A great many peer conflicts arise from incompatible goals or from different views on how a task should be accomplished. With honest dialogue these kinds of conflicts can usually be resolved. But other peer conflicts are more troublesome because they involve personal values, office politics and power, and emotional reactions.
To resolve these more difficult peer conflicts, managers should examine three key issues that can cause such clashes and also influence their outcome. One, they should assess their emotional “hot buttons” that trigger ineffective behaviors and make conflict difficult to manage. Two, they should examine their personal values and how those might conflict with what their peers find important. Finally, they should assess their power in the organization—which can be related to position, influence, expertise, or some other factor—and learn how to use it to manage conflicts.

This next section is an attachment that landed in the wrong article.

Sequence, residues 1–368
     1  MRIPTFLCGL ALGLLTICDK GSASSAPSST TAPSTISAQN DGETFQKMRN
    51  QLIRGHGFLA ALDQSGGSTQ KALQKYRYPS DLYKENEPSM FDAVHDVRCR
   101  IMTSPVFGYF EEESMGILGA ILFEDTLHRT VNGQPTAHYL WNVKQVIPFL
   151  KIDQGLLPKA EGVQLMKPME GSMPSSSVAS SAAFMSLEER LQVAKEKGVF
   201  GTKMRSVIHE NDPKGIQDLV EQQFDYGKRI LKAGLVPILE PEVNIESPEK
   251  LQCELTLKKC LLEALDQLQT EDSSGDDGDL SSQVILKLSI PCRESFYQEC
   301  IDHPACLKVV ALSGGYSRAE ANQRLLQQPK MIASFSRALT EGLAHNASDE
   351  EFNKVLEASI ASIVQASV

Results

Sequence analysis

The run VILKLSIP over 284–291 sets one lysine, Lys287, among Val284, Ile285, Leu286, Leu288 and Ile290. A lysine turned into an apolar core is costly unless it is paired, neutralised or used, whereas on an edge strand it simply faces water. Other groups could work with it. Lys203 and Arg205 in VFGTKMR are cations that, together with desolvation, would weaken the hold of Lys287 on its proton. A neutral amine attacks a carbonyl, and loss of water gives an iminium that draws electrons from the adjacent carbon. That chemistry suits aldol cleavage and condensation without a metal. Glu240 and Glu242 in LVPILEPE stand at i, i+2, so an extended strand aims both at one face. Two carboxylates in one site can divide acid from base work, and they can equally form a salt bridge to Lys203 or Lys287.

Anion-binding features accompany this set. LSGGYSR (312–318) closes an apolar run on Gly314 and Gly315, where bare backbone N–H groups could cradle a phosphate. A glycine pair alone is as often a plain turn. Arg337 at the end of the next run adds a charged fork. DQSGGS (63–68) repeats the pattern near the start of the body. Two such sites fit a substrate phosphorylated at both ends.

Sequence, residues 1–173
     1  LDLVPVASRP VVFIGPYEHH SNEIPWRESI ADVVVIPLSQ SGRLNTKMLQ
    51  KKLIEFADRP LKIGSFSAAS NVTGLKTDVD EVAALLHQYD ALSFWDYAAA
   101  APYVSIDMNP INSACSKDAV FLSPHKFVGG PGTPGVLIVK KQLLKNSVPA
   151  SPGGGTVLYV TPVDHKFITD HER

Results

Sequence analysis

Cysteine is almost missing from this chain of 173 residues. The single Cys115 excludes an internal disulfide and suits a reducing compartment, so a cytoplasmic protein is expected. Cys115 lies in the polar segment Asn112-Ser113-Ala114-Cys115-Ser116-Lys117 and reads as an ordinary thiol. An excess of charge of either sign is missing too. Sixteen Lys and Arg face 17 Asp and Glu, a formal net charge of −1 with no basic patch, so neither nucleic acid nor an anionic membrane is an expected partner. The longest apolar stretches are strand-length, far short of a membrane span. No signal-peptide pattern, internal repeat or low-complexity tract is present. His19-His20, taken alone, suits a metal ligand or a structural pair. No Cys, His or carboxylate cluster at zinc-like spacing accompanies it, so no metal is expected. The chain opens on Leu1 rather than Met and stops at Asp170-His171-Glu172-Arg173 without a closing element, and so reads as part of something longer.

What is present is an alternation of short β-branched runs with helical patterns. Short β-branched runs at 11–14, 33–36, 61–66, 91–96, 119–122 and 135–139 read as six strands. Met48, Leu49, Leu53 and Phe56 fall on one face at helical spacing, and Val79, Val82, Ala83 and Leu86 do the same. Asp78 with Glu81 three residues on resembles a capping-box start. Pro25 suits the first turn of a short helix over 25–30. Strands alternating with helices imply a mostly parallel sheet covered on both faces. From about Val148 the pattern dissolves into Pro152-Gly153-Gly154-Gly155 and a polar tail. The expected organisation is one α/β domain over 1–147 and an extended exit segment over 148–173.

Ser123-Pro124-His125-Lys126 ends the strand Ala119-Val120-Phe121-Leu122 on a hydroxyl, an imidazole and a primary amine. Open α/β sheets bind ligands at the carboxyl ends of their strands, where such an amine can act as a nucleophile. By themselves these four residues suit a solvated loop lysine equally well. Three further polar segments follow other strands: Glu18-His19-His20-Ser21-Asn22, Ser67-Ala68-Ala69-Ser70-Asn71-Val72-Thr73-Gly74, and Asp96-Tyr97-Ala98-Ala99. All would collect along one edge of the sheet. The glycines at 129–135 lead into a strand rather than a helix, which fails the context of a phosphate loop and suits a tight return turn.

Navigating these issues won’t rid an organization of conflict among peers. But by paying attention to them managers can build effective relationships that will survive these inevitable conflicts and bolster their ability to achieve organizational goals.